Barrett judicial nomination advances
Senate committee likely to approve Thursday
WASHINGTON – The prospect of a Supreme Court with a 6-3 conservative majority came one step closer to reality Thursday as the Senate Judiciary Committee completed Judge Amy Coney Barrett‘s confirmation hearing and set a likely party-line vote by the panel for next Thursday.
Republicans brushed aside Democrats’ complaints about the process leading to Barrett’s expected confirmation in the midst of a pandemic and a presidential race that the committee chairman acknowledged the GOP may lose.
“Y’all have a good chance of winning the White House,” Sen. Lindsey Graham, R-S.C., who is locked in a tough reelection race himself, said as the panel defeated Democrats’ effort to delay action on Barrett until after the election.
It was a stark admission from Graham, who had said no seat should be filled on the court in 2020 after Repub
licans’ refusal to act on President Barack Obama’s nomination of Judge Merrick Garland in 2016.
Graham promptly abandoned that pledge this year, and for good reason from conservatives’ point of view. Armed with control of the Senate, they prevented liberals from getting a 5-4 edge on the court four years ago and stand at the precipice of a 6-3 majority, perhaps for decades to come.
“I have never met a more amazing human being in my life,” Graham said of Barrett, 48, of Indiana, a federal appeals court judge, Notre Dame law professor and, as committee members noted frequently, a mother of seven children, including two adopted from Haiti.
Sen. Patrick Leahy, D-Vt., called the process a “callous, political power grab” and an effort to get Barrett on the court in time to rule on any challenges to the election process or results, as well as a third Republican effort to eliminate the Affordable Care Act. President Donald Trump, he said, “has made it impossible for Americans not to question Judge Barrett’s impartiality.”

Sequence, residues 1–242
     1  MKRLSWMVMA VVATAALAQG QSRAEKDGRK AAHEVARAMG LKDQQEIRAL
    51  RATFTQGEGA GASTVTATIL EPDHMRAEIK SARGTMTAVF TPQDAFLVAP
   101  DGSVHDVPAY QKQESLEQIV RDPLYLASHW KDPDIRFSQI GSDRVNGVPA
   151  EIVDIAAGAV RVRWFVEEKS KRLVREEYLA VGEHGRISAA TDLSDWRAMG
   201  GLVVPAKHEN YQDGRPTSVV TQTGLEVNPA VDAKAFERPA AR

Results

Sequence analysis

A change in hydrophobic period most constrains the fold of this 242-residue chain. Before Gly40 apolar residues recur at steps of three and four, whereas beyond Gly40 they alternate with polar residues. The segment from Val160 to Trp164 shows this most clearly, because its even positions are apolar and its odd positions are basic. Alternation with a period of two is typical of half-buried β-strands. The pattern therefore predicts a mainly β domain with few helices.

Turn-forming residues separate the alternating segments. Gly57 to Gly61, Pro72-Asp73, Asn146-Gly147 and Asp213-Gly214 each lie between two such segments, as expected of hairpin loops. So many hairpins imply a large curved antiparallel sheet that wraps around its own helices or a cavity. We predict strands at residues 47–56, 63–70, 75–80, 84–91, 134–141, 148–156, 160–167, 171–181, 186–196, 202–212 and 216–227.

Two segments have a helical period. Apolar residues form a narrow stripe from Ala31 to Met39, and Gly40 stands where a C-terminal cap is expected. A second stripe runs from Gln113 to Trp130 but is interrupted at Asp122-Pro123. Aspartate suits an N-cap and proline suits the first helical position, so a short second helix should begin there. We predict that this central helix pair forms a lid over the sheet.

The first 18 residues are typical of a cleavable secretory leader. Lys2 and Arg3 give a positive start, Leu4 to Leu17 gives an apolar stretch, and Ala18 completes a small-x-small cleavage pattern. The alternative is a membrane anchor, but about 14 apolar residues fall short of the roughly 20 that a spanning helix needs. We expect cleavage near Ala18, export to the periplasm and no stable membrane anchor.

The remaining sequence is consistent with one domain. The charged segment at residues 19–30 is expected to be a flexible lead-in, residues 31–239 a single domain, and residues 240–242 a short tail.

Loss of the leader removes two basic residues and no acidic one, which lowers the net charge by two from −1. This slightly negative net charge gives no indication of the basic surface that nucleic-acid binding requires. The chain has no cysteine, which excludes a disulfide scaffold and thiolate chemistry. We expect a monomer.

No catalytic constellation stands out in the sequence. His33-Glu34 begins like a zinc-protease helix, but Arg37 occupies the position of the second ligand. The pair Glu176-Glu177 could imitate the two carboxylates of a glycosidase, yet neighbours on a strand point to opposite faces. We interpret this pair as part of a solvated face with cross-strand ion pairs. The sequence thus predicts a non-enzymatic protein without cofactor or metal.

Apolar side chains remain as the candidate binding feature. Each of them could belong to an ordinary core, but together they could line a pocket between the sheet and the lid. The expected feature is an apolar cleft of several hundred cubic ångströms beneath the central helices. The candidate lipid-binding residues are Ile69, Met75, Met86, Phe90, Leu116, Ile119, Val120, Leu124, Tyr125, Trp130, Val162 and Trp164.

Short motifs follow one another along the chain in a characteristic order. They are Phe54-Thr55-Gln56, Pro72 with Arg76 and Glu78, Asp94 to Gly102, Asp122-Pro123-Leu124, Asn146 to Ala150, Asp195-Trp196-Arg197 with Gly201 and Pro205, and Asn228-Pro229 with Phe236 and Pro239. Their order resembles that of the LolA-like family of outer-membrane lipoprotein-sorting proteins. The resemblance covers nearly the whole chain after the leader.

Barrett did not appear Thursday after two days of sharp questioning, but two panels of outside experts weighed in. The American Bar Association, which Republicans have accused of leaning left, extolled her virtues and pronounced her well-qualified for the promotion.
Four proponents and four opponents offered conflicting views.
Saikrishna Prakash, a University of Virginia law professor, called Barrett “uber-qualified,” adding, “To use a sports metaphor, she’s a five-tool athlete.”
Defenders of the Affordable Care Act, abortion rights and voting rights warned that Barrett would push the court in the wrong direction.
“I have put my faith in the Supreme Court, and with this nomination, I am losing faith,” said Crystal Good, a victim of sexual abuse as a child who was able to get an abortion at age 16.
Senate Majority Leader Mitch McConnell, R-Ky., announced that the full Senate would take up Barrett’s nomination Oct. 23, the goal being to confirm her the week before the election. She is likely to be confirmed with 51 or 52 votes, one of the narrowest margins in history.
If all goes according to plan, Barrett would be on the bench before the court next hears cases Nov. 2, one day before Election Day. Two major cases are on tap in November: the new Affordable Care Act challenge and a dispute over a Catholic social service agency’s refusal to place foster children with same-sex couples.
As is often the case in controversial
Supreme Court nominations, Barrett spent the past week portrayed in starkly different ways, depending on who was talking.
Republicans focused on her deep Catholic faith, anti-abortion beliefs, prolific scholarly work, judicial opinions and the virtually unanimous accolades she received from colleagues, law clerks and students.
“On any measure, Judge Barrett’s credentials are impeccable,” Sen. Ted Cruz, R-Texas, said.
Democrats painted her as a far-right ideologue who wants to overrule Roe v. Wade, the Supreme Court decision in 1973 that legalized abortion nationwide, and a threat to health care, LGBTQ rights and the right to vote. After a fourday hearing, they lamented that she had not answered most of their questions.
“We really don’t know what she thinks about any issues,” said Sen. Dick Durbin of Illinois, the Senate’s No. 2 Democrat.